Friday, November 14, 2014

I Wouldn't Have it Any Other Way

Yesterday, my Second Son challenged my 'state of happy' (most likely in comparison to his own definition of who-he-hopes-to-be, as life goes on) and asked me to compare my life to my friends who are single, retired, paid off their home and able to make decisions about their future without money being an issue.

I was aghast that he would think 'financial freedom' is a priority in the whole scheme of things. I would not sell what-I-have for anything money could buy, any day of the week!

My son surmised 'because I had children', I became less of who I could be. He dared me to dream about what I could have had or been or did if I had only myself to look after.

I dipped my toe into a state of wondering and darted right back to dry ground. I fear for who I would have become if it were not for loving my children.

At a time when I didn't value myself enough to make good decisions about my relationships, I loved my children enough to save them from a life which was not safe or healthy for them. By saving my children, I saved myself.

At another pivotal time in my life, my choice to stay home and 'just be a mom' diverted me away from a life where I obsessed about retirement plans, adequate insurance and financial planning more than I worried about my family. My priorities were all wrong.

As long as a person has enough money to take care of the essentials of living, I don't believe money should be a priority. At least not in my world.

Day after day, time after time, I see all of the things money cannot buy. It can't buy health, happiness or contentment. I am rich in all three of those areas.

Money cannot buy love, acceptance and respect. I live in a world where I feel like I give and receive 'all of the above' in equal proportions.

You can't find a 'sense of belonging', self-esteem or mental health in a store.

You can purchase substitutes (in the form of addictions of varying kinds) but those substitutions come at a price much higher than the dollars spent. I have become more grounded with each year I live.

I surround myself in a world which helps to enhance the positive qualities about myself, without forgetting there is always room for improvement.

There is simply no price one can put on emotional and mental stability. They can be snatched from our fingertips in the blink of an eye.

Life continues to show me just how delicate the balance of life-as-I-know-it is, as the world around me continues to spin and there is so very little I can control, beyond how I react to these events.

When I look at my financial net worth, I could feel poor. When I look at the life I have yet to live and wonder how I am going to pay for it all, I could become paralyzed in fear. When I compare myself to others, I could feel like there is something lacking.

Instead, I look at the life I have created and I feel richer than anyone else I know.

I have three children. Three unique specimens. Three different parts of me spread out and mixed up with another unique mixture of genes and traits, stirred up inside of a human being and I love who I see before me. My relationships with each of my boys is as unique as their personalities. But life has shown us, when something threatens our status quo, we are a unit. Money can't buy that feeling.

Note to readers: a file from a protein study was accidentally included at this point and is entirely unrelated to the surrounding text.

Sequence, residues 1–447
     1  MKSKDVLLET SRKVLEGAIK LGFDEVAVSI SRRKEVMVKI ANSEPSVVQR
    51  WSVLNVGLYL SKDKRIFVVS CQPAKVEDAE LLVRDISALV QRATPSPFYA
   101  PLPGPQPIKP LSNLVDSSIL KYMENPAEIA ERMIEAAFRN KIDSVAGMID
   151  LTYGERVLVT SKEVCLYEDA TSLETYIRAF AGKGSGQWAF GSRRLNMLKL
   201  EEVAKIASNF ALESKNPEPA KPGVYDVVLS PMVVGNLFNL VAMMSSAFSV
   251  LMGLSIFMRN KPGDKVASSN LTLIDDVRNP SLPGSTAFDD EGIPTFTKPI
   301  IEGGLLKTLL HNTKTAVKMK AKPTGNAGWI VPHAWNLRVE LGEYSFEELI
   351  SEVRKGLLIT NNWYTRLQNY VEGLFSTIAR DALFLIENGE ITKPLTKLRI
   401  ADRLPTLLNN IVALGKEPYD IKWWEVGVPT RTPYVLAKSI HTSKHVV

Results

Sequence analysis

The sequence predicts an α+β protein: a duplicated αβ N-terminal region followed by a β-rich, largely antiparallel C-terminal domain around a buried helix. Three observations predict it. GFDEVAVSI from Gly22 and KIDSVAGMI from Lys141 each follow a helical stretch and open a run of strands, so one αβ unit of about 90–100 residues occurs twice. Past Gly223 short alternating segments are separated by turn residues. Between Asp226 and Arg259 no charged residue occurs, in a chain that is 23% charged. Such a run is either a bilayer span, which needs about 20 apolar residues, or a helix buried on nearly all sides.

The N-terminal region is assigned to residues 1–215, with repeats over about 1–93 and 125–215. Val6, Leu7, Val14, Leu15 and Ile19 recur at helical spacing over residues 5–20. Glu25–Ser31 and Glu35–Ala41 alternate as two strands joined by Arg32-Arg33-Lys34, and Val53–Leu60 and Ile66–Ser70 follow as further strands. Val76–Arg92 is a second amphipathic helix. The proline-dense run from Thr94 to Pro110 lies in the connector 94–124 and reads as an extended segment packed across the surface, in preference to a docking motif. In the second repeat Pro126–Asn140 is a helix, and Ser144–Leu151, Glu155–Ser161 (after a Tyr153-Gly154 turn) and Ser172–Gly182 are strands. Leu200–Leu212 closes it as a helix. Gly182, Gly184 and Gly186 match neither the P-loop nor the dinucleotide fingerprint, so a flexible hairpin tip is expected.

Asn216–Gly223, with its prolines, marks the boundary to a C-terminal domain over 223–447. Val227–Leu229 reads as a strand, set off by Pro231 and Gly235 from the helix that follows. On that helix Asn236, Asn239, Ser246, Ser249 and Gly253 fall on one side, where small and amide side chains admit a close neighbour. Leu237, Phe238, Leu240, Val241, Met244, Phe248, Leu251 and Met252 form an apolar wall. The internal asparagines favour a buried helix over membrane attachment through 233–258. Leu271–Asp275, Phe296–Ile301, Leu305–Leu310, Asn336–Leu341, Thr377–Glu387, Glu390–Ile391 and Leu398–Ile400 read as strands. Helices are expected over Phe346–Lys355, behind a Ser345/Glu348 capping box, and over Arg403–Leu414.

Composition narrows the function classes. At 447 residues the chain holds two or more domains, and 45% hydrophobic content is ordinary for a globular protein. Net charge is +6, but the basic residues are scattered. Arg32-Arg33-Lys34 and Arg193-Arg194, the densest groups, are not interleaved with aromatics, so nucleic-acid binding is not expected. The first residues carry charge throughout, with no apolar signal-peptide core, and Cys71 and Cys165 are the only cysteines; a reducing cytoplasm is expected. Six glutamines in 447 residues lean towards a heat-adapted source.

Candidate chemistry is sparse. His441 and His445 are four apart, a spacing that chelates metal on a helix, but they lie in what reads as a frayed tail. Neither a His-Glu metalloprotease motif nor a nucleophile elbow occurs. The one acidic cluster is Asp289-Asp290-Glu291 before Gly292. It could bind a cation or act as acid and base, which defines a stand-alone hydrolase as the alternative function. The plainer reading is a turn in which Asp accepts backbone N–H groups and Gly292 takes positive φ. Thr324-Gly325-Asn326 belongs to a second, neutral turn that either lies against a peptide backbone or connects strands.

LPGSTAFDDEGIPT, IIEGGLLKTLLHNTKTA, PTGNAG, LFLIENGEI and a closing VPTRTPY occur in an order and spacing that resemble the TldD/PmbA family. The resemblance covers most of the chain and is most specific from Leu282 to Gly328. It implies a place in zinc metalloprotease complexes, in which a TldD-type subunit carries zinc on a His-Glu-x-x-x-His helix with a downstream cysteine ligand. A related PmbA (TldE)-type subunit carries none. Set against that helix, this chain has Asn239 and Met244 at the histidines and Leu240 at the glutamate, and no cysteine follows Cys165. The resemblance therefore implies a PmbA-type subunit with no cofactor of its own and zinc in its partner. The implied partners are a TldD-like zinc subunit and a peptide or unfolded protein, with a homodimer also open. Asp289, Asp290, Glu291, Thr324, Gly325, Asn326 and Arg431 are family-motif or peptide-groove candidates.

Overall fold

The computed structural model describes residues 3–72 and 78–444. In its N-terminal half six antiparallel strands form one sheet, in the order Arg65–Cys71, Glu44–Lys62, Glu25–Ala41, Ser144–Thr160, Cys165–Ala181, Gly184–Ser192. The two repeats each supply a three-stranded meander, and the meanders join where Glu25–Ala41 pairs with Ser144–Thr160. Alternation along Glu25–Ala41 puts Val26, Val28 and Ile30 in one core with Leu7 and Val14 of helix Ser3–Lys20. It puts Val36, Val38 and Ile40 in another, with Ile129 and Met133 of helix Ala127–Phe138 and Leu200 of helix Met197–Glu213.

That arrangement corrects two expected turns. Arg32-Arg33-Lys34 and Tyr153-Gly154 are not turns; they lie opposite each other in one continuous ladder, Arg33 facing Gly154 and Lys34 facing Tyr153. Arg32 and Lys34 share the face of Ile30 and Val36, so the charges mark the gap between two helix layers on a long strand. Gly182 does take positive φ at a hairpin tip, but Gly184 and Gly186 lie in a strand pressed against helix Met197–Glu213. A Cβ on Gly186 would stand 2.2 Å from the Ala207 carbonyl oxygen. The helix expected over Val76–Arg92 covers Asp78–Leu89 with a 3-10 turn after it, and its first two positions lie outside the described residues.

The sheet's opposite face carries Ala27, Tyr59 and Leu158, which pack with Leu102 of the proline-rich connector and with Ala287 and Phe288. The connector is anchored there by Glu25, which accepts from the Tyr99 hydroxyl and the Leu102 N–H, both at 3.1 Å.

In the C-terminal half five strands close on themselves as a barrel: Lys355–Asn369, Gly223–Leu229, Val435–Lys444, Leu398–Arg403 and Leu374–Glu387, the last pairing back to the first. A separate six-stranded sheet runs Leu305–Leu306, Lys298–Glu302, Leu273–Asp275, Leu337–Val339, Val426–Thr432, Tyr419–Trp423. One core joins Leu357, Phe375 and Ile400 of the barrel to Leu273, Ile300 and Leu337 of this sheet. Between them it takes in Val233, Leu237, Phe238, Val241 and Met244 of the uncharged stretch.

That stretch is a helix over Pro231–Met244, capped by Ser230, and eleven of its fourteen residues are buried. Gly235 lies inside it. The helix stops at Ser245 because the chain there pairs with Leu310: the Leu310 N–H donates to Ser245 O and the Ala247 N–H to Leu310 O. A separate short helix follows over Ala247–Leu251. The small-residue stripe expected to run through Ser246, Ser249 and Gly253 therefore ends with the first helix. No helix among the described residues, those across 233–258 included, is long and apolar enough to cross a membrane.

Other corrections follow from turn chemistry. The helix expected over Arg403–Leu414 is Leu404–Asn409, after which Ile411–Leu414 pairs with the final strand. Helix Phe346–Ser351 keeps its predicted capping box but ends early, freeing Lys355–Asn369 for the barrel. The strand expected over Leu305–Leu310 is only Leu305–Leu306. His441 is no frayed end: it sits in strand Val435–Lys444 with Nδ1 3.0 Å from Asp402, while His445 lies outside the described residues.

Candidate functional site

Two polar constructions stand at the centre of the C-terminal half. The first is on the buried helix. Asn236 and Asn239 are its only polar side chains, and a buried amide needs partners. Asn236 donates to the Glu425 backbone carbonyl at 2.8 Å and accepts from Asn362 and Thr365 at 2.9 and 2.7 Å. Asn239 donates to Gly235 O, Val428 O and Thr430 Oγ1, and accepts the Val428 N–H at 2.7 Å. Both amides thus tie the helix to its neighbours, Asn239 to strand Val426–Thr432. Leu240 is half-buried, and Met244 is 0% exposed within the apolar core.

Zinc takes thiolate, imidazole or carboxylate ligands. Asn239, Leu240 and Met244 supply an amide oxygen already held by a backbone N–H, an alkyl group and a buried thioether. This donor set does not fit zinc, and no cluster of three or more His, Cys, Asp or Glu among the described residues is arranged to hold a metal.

I am surrounded by strong relationships within family and friends. I am part of a community of good-hearted people who share many of the same values which are important to me. Even in the quietest of moments, in the loneliest of days, I know I am not alone. I feel warm in the blanket of comfort and protectiveness I feel from 'my community'. I feel safe. I feel valued. I feel good. What store sells that?

I live a good life, doing what I do best (which isn't always all that good, but it is often 'good enough'). I have a perfect balance of work, leisure, family, friends, recreation to keep my heart, body and mind fulfilled.

There is balance within my work - I do not earn my living doing one thing. I have diversified my income sources the way some people diversify their mutual fund investments. Some people may dwell on the fact they must work at two or three different jobs to pay the bills. I marvel at the fact I am gifted with three different sources of income which fulfill three different parts of who-I-am.

I look at my life and I know I have what money cannot buy. I know this wealth came at a price. I look at different life-changing moments which have got me from 'A' to 'B', all the way up to 'R' and I realize how being a parent and looking outside of myself for my own 'best answers' have led me to exactly where I was meant to be.

I used to be quiet, shy, meek and mild. My cousin described me as "A person who went from one of the quietest, shiest people we all knew, to someone who talks so much, she had to start writing books so her words could keep on going on, when her mouth wasn't!"

I am not suggesting that you use another person's 'riches' as your own barometer. Only 'you' know what makes you feel rich inside. My only suggestion is to look beyond the dollar sign (once your basic meets are met). Try to find the gift of finding your sense of contentment in a round about way. Appreciate the sense of accomplishment you receive by overcoming obstacles. It is the contrasts of life that help us appreciate the little things.

Life has taken me where I was meant to be. It just so happened to include three sons in the package. I have a life money cannot buy. I am blessed. I wouldn't have it any other way.

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